Gatsby’s character yearns for the infinite; he sparkles with something unusual in the midst of the lavish wealth and chaotic parties of Long Island’s frivolities. Gatsby has “one of those rare smiles with a quality of eternal reassurance in it . . . it faced—or seemed to face—the whole external world for an instant, and then concentrated on you with an irresistible prejudice in your favor.”
Lauck is unambiguous that he is engaged in a project of “civic retrieval,” to “remind us of our ideals and how many battles we have already won” and promote the story of the old Midwest as “a hopeful signal to us all in this moment of democratic peril and doubt.”
While many recognize the limits of human language and the ways it has sometimes been used to harm, they see language as capable of naming (or, at least, gesturing toward) the dance of matter and spirit that constitutes human existence.
For Banks, the glory of natality is not that it is a passage into the world for something or someone else, but that birth is a tool for our own self-creation, whether that be through materializing other people in our bodies or projecting our ideas and actions onto the world.
These essays unite history, philosophy, and social commentary to say something about the ebb and flow of ideas which shape post-modern accounts of who we are and where we came from.
Contemporary sensibilities tend to prefer the nihilist abyss to such salvation, even as we pathetically pursue the latest "cure" for that emptiness—be that radical politics, surgical revisions to our anatomy, or compassionate medical assistance in dying. It looks patronizingly at best and with hostility at worst, at the idea that our modern despair should prompt some deep rethinking.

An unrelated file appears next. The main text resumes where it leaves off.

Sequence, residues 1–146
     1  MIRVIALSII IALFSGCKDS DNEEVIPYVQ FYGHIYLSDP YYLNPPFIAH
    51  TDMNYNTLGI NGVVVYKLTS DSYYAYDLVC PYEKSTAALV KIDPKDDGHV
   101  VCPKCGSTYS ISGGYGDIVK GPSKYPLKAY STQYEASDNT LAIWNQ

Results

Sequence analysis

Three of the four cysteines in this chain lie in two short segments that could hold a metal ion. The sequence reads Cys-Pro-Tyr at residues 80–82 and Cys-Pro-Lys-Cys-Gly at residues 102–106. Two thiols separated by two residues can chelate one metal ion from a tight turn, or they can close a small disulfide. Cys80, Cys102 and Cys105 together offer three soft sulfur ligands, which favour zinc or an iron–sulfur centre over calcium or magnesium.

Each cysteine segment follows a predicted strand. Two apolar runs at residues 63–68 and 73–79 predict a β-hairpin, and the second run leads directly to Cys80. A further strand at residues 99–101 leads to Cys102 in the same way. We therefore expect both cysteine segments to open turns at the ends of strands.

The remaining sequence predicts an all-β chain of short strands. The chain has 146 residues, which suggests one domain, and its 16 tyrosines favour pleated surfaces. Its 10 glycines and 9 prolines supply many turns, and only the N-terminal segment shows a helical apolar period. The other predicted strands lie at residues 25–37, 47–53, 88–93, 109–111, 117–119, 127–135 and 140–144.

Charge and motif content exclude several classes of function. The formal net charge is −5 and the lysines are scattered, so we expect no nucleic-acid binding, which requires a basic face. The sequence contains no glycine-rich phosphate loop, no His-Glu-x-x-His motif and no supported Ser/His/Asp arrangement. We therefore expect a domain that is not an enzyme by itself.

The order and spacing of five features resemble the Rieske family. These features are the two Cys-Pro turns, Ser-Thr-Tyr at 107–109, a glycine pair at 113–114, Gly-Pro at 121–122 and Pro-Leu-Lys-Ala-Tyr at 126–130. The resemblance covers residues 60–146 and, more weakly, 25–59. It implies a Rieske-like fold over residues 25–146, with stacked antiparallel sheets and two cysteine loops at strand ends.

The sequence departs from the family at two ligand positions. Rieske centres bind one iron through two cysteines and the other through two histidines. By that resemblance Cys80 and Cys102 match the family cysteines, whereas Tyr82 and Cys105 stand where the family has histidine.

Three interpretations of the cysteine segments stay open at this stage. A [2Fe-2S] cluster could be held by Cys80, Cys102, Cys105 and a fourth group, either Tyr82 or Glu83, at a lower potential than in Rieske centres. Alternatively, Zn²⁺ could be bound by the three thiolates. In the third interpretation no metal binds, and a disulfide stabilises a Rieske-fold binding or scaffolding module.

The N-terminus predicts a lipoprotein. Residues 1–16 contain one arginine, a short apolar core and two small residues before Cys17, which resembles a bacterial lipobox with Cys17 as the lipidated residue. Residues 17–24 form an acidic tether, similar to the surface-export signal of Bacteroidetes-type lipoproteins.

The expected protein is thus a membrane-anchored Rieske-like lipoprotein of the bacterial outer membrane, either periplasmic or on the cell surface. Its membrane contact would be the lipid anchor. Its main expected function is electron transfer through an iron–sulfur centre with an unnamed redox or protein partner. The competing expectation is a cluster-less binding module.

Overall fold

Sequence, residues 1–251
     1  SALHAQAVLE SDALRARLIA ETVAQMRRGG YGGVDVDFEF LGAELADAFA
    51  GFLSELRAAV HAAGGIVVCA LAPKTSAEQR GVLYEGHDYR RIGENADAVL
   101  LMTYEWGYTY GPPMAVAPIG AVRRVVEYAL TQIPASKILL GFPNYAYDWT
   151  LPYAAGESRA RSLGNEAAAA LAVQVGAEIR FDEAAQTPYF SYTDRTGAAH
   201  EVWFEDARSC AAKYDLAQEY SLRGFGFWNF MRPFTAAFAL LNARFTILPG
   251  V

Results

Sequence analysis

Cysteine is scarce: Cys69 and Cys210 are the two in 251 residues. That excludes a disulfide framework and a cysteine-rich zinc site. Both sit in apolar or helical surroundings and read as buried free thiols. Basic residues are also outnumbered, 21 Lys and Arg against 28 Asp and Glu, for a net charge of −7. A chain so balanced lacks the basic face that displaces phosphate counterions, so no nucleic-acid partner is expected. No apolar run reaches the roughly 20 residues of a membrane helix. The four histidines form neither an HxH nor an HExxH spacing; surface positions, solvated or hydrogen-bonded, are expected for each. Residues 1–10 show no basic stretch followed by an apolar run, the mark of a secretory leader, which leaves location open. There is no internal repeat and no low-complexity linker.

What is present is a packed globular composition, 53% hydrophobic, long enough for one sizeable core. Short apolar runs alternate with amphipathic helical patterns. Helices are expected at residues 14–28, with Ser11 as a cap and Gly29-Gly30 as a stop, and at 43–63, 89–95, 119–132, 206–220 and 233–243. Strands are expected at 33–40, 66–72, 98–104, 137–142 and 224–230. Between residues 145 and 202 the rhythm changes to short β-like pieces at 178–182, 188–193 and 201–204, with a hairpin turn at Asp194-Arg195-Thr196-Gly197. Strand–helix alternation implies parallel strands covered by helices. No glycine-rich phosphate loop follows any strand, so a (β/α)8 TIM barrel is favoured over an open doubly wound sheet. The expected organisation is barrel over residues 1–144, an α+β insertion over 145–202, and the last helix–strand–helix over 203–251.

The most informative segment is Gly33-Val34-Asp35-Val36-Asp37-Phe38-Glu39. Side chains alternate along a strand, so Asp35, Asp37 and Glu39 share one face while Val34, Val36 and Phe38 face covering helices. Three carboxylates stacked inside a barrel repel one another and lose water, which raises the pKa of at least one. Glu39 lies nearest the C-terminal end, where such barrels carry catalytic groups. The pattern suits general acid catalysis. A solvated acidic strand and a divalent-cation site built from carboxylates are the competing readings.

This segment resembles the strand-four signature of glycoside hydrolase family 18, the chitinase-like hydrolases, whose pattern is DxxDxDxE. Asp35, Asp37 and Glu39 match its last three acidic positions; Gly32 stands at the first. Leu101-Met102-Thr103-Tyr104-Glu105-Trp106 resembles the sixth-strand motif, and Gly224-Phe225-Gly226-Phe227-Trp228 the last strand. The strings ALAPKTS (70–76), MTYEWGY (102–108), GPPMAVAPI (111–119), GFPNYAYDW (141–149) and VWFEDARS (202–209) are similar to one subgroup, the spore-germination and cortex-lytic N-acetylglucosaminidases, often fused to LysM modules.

To walk a place is to open the door to the possibility that you will grow to love it. With time, you could get to know it in an intimate way. Streets or roads or wild forest paths that we walk for the first time can be the object of wonder, even if sometimes also mingled with fear and mistrust.
Livy asserts that shamelessness led to decadence which, in turn, led to greed and eventually devolved into demagoguery and tyranny. His assertion that Roman liberty and equality were destroyed by the decadence of the civil wars and buried with the emergence of the Augustan regime had far reaching influence.
Vodolazkin's novels do for Time what Wendell Berry does for Space: We can't just live where we are, we have to live when we are, too. So thanks to Vodolazkin for the timely reminder. And requiescat in pace, Jack: thanks for doing just that.
The conservationist recognizes that the society we live in, as much as the natural world we live in, was given to us as a gift with the demand that we pass it on to future generations, and therefore it is neither easily discarded nor above reproach.